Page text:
The NHS is set to open the UK’s first gambling addiction clinic for children and young people. The clinic, funded by NHS England, is scheduled to open in September of this year.
With research from The Gambling Commission suggesting that around 450,000 young people are betting regularly in the UK, the proposed clinic could make a dent in England’s young gambling problems.
The clinic aims to support and treat young people aged between the ages of 13 and 25 who bet regularly online or on fruit machines.
NHS England has highlighted growing concerns that children are being impacted by online gaming sites and targeted adverts are fuelling addiction.
The new service for young people, aged 13 to 25, will take place in the National Problem Gambling Clinic, housed in London it is the UK’s only dedicated gambling addiction centre.
Over the coming months, it is expected that up to 14 more gambling addiction clinics will open, initially focusing on treating adults. This summer will see the opening of the NHS Northern Gambling Service in Leeds. There are also plans for clinics in Manchester and Sunderland.
In recent months we have seen more and more news about the threat gambling poses to children and young people. In an increased effort to protect young people, the gambling industry has seen an increasing number of gambling advertisements being banned on the ground that they might appeal to children.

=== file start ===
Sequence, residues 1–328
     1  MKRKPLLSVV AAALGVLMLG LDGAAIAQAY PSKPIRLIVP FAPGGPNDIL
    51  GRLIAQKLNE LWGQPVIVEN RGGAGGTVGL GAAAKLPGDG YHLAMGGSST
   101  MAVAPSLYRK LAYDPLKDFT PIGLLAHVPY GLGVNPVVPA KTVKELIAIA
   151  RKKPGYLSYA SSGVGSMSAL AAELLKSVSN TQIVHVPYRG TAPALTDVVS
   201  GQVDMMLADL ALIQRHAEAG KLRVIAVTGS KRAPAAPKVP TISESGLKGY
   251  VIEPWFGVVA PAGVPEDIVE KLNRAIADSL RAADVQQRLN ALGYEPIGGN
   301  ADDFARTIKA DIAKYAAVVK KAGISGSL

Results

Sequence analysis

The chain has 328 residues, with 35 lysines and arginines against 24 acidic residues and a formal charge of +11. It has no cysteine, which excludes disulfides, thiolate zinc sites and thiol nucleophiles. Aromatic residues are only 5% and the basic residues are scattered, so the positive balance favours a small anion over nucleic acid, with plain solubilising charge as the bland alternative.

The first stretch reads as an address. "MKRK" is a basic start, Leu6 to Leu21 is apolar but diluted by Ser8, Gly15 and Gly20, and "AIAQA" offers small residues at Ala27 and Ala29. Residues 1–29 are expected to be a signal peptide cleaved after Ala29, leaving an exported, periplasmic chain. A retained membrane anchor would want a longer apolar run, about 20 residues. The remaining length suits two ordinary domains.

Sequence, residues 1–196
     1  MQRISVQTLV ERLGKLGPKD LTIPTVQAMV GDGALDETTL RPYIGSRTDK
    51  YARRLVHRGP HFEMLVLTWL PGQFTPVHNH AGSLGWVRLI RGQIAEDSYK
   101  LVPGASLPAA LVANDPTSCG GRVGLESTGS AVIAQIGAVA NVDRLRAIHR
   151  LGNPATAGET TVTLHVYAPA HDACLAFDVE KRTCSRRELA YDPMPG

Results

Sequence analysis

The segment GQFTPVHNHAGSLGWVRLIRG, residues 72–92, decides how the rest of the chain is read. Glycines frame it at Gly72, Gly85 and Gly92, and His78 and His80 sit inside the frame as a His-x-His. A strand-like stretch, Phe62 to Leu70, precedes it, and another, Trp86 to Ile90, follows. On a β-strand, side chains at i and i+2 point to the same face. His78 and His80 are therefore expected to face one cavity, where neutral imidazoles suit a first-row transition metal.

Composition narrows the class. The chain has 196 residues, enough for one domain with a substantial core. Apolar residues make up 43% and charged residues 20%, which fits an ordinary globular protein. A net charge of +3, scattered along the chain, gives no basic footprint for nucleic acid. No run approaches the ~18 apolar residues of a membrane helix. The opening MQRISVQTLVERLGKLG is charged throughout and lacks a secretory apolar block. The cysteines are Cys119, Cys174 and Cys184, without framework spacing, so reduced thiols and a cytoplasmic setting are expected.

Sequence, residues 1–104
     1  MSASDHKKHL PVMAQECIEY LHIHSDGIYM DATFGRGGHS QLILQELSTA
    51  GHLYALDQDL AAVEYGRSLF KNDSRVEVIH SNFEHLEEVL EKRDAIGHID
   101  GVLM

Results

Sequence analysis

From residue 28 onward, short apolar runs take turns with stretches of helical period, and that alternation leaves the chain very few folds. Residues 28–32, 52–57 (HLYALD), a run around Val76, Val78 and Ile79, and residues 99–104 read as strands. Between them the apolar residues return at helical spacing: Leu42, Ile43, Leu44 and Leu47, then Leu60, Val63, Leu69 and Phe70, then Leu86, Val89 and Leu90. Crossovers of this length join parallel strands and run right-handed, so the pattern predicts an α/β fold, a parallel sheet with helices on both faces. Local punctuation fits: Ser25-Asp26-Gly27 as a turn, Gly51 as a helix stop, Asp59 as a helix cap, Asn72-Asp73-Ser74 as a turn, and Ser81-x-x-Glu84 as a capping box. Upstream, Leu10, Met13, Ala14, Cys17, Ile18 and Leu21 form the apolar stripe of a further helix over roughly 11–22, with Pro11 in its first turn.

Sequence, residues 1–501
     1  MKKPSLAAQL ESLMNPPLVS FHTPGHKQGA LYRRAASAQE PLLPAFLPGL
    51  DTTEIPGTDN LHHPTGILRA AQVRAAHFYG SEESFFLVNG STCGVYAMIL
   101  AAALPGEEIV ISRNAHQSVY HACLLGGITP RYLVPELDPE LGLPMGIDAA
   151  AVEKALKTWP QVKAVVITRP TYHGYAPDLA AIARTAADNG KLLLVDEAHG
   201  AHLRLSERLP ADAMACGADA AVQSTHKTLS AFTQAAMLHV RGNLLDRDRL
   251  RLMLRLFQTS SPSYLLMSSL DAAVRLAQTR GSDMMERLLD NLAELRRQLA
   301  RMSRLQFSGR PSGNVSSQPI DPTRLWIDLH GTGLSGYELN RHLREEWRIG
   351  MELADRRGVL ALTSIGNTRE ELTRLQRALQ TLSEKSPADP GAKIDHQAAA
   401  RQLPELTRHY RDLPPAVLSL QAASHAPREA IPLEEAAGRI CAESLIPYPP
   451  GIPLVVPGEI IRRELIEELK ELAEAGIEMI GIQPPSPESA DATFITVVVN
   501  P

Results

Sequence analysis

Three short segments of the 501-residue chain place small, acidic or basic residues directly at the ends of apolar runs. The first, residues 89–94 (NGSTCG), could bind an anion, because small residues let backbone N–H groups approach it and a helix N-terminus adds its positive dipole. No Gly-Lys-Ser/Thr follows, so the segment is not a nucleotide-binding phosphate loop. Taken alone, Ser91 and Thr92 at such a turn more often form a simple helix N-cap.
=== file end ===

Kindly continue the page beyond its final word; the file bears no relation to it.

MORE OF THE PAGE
Simon Stevens, chief executive of NHS England, recently condemned the “fraction” spent by industry on supporting people struggling with addiction compared to the amount spent on advertising and marketing.
Mr Stevens said: “The links between problem gambling and stress, depression and mental health problems are growing and there are too many stories of lives lost and families destroyed.
“This action shows just how seriously the NHS takes the threat of gambling addiction, even in young people, but we need to be clear – tackling mental ill health caused by addiction is everyone’s responsibility – especially those firms that directly contribute to the problem.
“This is an industry that splashes £1.5 billion on marketing and advertising campaigns, much of it now pumped out online and through social media, but it has been spending just a fraction of that helping customers and their families deal with the direct consequences of addiction.
“A levy to fund evidence-based NHS treatment, research and education can substantially increase the money available, so that taxpayers and the NHS are not left to pick up a huge tab.”
Despite gambling firms recently offering to increase contributions to help problem gamblers, the Gambling Commission says a mandatory levy is needed to support those in need of treatment.
Health Secretary Matt Hancock said: “I have seen first-hand the devastating impact gambling addiction can have on people’s lives and I am determined to do everything I can to help anyone affected get the help and support they need.
“We know too many young people face their lives being blighted by problem gambling – so these new clinics will also look at what more can be done to help them.”